Sunday, March 20, 2016

The Lord Has Need of It; Luke 19:28-40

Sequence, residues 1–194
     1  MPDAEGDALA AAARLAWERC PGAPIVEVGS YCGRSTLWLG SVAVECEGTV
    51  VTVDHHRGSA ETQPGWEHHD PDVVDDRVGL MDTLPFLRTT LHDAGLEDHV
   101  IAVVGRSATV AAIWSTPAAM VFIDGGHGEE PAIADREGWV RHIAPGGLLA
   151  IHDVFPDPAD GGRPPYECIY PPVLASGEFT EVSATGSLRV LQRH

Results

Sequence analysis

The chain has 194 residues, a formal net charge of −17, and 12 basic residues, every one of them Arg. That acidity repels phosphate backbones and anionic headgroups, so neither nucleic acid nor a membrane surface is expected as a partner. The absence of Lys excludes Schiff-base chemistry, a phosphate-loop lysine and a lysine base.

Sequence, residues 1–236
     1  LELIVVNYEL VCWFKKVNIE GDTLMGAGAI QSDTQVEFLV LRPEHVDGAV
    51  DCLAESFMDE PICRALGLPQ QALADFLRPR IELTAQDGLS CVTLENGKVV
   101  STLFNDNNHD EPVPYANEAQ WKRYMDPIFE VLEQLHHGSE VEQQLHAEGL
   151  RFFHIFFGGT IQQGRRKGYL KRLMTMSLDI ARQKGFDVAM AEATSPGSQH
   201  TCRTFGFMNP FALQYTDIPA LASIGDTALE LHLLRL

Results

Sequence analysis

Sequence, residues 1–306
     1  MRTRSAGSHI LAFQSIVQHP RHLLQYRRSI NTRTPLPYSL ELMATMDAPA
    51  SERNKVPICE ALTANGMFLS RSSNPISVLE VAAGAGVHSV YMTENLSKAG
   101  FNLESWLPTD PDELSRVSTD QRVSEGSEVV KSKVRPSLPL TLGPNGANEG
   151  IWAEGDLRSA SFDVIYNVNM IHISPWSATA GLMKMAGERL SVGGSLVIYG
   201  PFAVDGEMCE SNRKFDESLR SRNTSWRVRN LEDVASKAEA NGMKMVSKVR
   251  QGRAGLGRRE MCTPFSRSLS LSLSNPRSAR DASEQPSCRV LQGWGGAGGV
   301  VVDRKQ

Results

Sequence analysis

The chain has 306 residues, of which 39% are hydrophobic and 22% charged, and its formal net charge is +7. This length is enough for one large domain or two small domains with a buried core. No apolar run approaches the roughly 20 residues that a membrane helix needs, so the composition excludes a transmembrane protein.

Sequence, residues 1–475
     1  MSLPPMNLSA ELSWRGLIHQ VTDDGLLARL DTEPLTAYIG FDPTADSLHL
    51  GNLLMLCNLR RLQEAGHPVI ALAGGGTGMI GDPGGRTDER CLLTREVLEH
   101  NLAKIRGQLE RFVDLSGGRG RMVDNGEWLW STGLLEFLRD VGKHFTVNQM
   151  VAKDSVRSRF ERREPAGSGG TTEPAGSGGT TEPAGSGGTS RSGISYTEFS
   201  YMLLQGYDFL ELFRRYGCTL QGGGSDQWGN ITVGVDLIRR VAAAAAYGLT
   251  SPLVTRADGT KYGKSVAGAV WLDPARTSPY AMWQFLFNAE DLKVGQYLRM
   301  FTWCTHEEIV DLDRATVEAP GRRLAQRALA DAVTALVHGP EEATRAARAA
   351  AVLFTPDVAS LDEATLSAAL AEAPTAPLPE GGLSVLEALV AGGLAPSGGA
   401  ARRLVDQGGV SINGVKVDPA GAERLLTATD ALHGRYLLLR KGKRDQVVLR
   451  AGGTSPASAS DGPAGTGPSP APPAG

We are coming to the end of Lent. We have reached Holy Week and find ourselves entering Jerusalem with Jesus. But in today’s somewhat familiar passage, I want us to identify with someone who lives outside of Jerusalem. We do not know the name of this family. They live in either Bethphage or Bethany. They may have been friends with Lazarus, Mary, and Martha, who lived in Bethany. They may have known Simon, a healed leper, and a Pharisee. They may have known Jesus personally or they may have only heard of Him. I’m referring to the owners of the donkey colt that Jesus rode into Jerusalem. Jesus sent His disciples ahead to retrieve this colt and told them to tell the owners, “The Lord has need of it.” Because the disciples use the word, “Lord” or “Master,” it is likely that this family were disciples of Jesus. Perhaps this agreement had already been prearranged privately between Jesus and this family, or perhaps it was totally unexpected. Regardless, the family responds in obedience and allow the disciples to take the colt. We have a prearranged agreement as well. We call this a covenant relationship. God initiated a covenant relationship with us. We broke the covenant, but Jesus died for us to renew that covenant. When we place our trust in Jesus, we receive Him as our Lord and Savior. Savior means that Christ rescued us from sin, death, and self and sets us apart for service to God. Lord means Master, Ruler, Owner. We become Jesus’s disciples. Jesus tells us to count the cost before we follow Him. He wants us to know what is required. When we receive Jesus, we receive His life in exchange for ours. It belongs to Him and it always did; we were never our own. But now He lives in and through us. We surrender our false illusion of self-control to the reality that God is in control and Jesus is literally Lord and Master. Do we really follow through with obedience to Jesus as our Lord like this family did? Remember that this colt was unbroken. It had never been ridden. It was something new, like the new toy we talked about in the children’s message. Remember that animals were a vital part of a family’s economy in Bible times. Donkeys were used as transportation. They were used to plow fields. They were used as pack animals to transport goods to market. They were valuable. Animals were investments. It takes resources and costs to feed and care for animals. In this case, the owners hadn’t even had a chance to try it out first. Are we so quick to lend our new things, things that are valuable, things in which we are invested? What do you consider valuable? Are you willing to give them to Jesus? I don’t know if any of you have been practicing giving up something during the season of Lent, but this discipline can be helpful for us to search out areas where it might be difficult for us to surrender something to the Lord should the Lord have need of it. Lent is a time to test our strongholds, to identify idols in our lives—the things we hold on to, give importance to, and yes, worship, before we worship God. The things we hesitate to surrender should the Lord say, “I have need of it” are idols. If we find it hard to give up certain behaviors, this indicates an area we may not have surrendered to the Lord. If we put other activities ahead of spending time with the Lord, these are idols in our lives. “Ah, yes,” you say, “but this is Jesus. Jesus would be responsible. Jesus was only going to borrow the donkey. He would return it. Jesus wouldn’t hurt it or damage it.” But this same Jesus has told as that as much as we do for the least of these, we do it to Him. It is still the Lord who has need of it. “Yes,” you say, “but the owners had advance notice that Jesus was going to need their donkey.” We know too in advance. We do not know all the details, but again, to acknowledge Jesus as our Lord and our Savior is to acknowledge His absolute right to our lives and all we have. We have privileges and blessings; God has rights. God gives us only a few rights. One is to be called children of God: John 1:12, “But as many as received Him, to them He gave power, the right, the authority, to become the children of God, even to those that believe on His name.” From this one right extends privileges, such as being joint-heirs with Jesus Christ. Think about a legal will for example. If you have or had a good relationship with your parents, you will likely be named in their will. Your parents don’t owe you anything. It is not your right to have an inheritance. But it is your privilege as their beloved child. They are probably happy to bless you and entrust you with their legacy. This is what God does for us. God doesn’t owe us anything. We are the ones that owe God everything. But God happily blesses us as beloved children in Christ and entrusts us with carrying forth the gospel, to spread God’s love to the world around us, to care for creation, and to use the gifts that God has given us for God’s glory. We discover those areas where we have yet to surrender to the Lord when we say we believe one thing and yet act differently. For example, I see people shacking up instead of choosing to get married because they really don’t believe God will provide for their financial needs. I see people stuck in jobs they hate when they feel called and know they would be more personally fulfilled if they were doing something else because they don’t believe God will provide for their needs. Whenever we act out of fear, we show areas we have not surrendered to the Lord. Because perfect love, God’s love, casts out all fear. We should be fearing disobedience to God as our only holy fear. What about if the Lord said I have need of your family, your child, your very life? Last month’s VOM magazine shared the story of Regina Wilson, whose village was attacked by Boko Haram. She knew that an attack was incredibly likely so she had made up her mind in advance that she would not deny Jesus. When Boko Haram came, she witnessed her husband and oldest son killed before her eyes. Her daughter was taken away, most likely married off or taken as a sex slave. Another son was so badly injured, they thought he had died and weren’t reunited with him until days later. Her youngest son lost an eye, and yet, they remained faithful to Jesus. They would not deny Him. Sometimes the things Jesus asks of us seem small in comparison, and yet we cannot let go. Other times, Jesus asks the most difficult things. But it all belongs to Jesus and we can surrender it or without it. What is Jesus worth to you compared to any earthly thing? Rev. Nathan Decker has written the following thought provoking litany: "The Lord needs it and will send it back." Give up my cup of coffee in the morning to feed an orphan! Absurd! "The Lord needs it and will send it back." Give up ten minutes of my 24 hours to pray! "The Lord needs it and will send it back." "For God so loved the world that he gave his only begotten Son..." God gave us our resources. God gave us our time. "The Lord needs it and will send it back." Today, we give! May we not forget what God gave, what Jesus gave for us. How can we withhold anything from Him? Jesus asks for all of us, all that we, all that we will be, all that we have. We say, “Yes.” We sing, “I Surrender All,” but how often do we live like “I Surrender Some”? We sing, “Take My Life,” and in that song, it not only mentions various body parts, but our money as well—“not a mite would I withhold”. A mite was the smallest coin at one point in time. Do we really mean it? “A Brief Statement of Faith” from our Book of Confessions opens with “In life and in death, we belong to God,” a phrase taken straight from Romans 14:8, “If we live, we live to the Lord, and if we die, we die to the Lord. So whether we live or whether we die, we belong to the Lord. God has the right to all we are and have and call for it at any time. Are you willing to surrender it? What are you holding on to so tightly that the Lord has need of it? What about when the Lord says, “I have need of you?” Will you respond in obedience? Maybe God is calling you to a new area of service, perhaps volunteer work or vocation. Maybe God is calling you to love someone difficult. Maybe God is calling you to surrender an addiction. Maybe God is calling you to live into a deeper level of holiness. Examine your heart. Have ears to hear God’s voice whether it comes through a messenger like the disciples to the owners of the colt or whether it be that prompting of the Holy Spirit moving through prayer, circumstances, and Scripture. Be ready to obey when it is said to you, “The Lord has need of it.”